K-State pianist takes listeners on a voyage of discovery

Ben Nyberg

By A Contributor

The Kansas State University Library Chamber Music Series inaugurated its 2012-2013 season this past Friday evening with a Hemisphere Room piano recital of works by Haydn, Clara Schumann, Brahms, and Chopin by KSU music keyboard division chair Slawomir Dobrzanski.

I can’t pretend to objectivity about Dr. Dobrzanski’s performances. I simply enjoy them too much to claim a lack of bias. As I’ve observed in previous commentaries, our community is fortunate to host an artist of such exceptional talent so willing to share its benefits with us on a continuing basis.

The program was, as always, both technically challenging and highly varied as to the technical flexibility needed to do it justice. Meaning that it showcased, once again, Dobrzanski’s capacity to accommodate himself to the stylistic character of widely diverse compositional perspectives.

The marvelous Haydn sonata (Hob XVI/23) with which it opened lets a player (like Glenn Gould, say) exhibit the modern piano’s capacity to simulate the crisp, plucked tone and timbre of the harpsichord. Keeping his foot off the damper pedal, Dobrzanski demonstrated the possibility of attending to every note, even at high speed. The “dry” sound also enhanced the tenderness of the adagio movement.

As discussed in Dr. Craig Parker’s extensive printed notes, Clara Schumann’s lifetime of achievement is all the more remarkable considering all the hurdles the era’s sexism put in her path. Yes, she was in many ways privileged, but being wife (especially to Robert Schumann), mother (of eight!) and celebrity concert pianist worked against her chances as a composer. Can’t help wondering, what if? But there’s no question about the fecundity of imagination evidenced in her Variations on a Theme by Robert Schumann—or the quality of its interpretation last Friday evening.

I may have mentioned before, but it bears repeating, that Dobrzanski never fails to remind us that the piano is a percussion instrument. His keyboard attacks have the startle power of gunshots, but are delivered as smoothly as fouettes and entirely free from the ugly effect known as “pounding.” Brahms’s Two Rhapsodies require the delivery of a number of such electrifying hammer blows.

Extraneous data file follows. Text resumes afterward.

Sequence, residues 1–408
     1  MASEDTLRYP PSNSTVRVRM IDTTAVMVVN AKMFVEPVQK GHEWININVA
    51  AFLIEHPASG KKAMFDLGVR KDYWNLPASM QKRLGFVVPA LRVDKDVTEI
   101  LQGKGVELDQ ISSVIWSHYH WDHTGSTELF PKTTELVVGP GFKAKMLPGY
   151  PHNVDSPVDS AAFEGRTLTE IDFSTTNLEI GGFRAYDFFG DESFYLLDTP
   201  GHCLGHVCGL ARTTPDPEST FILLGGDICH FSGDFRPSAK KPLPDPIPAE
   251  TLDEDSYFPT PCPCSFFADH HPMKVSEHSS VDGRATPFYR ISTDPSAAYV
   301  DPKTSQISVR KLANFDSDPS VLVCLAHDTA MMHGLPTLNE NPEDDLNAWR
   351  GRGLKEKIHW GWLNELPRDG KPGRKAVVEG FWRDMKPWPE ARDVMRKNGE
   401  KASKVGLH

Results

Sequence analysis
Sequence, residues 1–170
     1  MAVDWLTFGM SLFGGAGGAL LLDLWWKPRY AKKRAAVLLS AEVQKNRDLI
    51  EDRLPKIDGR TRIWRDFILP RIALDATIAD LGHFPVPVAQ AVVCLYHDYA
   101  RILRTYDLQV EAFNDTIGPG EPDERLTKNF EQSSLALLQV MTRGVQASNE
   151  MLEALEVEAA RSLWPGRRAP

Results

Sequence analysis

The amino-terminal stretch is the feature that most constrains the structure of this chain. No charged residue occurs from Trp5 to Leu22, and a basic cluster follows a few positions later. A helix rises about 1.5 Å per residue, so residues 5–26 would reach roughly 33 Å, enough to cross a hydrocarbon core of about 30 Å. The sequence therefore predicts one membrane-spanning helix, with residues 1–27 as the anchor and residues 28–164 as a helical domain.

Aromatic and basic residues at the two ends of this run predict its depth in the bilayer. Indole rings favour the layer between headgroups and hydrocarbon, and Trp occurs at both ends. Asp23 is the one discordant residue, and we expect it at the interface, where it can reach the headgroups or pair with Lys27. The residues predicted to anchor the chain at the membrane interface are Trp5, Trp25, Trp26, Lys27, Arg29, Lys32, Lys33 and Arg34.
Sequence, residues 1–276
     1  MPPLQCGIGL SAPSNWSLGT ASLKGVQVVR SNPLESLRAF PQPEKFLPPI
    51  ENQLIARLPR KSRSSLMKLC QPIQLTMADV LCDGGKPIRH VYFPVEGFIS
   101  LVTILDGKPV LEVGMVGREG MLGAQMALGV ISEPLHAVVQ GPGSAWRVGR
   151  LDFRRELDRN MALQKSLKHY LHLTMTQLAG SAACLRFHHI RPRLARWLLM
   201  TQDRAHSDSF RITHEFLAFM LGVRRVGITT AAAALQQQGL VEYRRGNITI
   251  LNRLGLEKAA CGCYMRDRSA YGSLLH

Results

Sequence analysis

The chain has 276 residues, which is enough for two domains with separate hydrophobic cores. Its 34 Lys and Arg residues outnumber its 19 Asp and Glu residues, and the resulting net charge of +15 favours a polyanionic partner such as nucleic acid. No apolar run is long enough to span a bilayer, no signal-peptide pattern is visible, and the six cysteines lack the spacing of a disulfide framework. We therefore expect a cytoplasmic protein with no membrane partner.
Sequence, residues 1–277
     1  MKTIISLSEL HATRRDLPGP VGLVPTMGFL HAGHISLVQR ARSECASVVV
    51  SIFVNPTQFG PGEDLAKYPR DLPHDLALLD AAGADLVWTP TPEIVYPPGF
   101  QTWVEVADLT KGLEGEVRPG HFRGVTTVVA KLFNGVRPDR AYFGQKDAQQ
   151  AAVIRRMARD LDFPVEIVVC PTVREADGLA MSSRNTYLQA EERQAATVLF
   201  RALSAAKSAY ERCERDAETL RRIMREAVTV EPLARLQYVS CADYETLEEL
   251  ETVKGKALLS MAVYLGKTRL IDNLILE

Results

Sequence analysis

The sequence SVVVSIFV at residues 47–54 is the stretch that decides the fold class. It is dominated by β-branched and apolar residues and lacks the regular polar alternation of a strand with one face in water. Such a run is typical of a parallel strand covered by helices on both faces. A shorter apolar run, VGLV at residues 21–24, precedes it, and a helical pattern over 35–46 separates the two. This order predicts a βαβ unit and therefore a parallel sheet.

But what struck me as most remarkable about his reading was its coherence. A musical rhapsody, being by nature an irregular, intuitively organized piece subject to fits and starts of temperament, can be hard to track. But Dobrzanski sensed Brahms’s every change of manner and shift in mood, however abrupt, seemingly sharing the composer’s own vision of the music’s intent, and led us securely through its hazards.

Most fittingly for a graduate of Warsaw’s Frederyk Chopin Academy of Music, Dobrzanski devoted the entire post-intermission half of the recital to Chopin. Among the five compositions offered I heard a few cadences I could be sure I’d encountered before, which served to remind me of another appealing aspect of his programs—their freshness.

Naturally I’m always up for another Beethoven “Waldstein” or Schubert “Wanderer,” yet I also really appreciate being treated to works worth hearing that don’t often get performed. Dobrzanski is an explorer, ever looking out for unfamiliar musical landscapes to investigate, using his skills to find and reveal their riches.

The end result is of course that every piece he puts his hands to, whether drawn from the mainstream or some lesser known source, feels newly imagined, reinvigorated by his belief in its value. Our thanks for another voyage of discovery.

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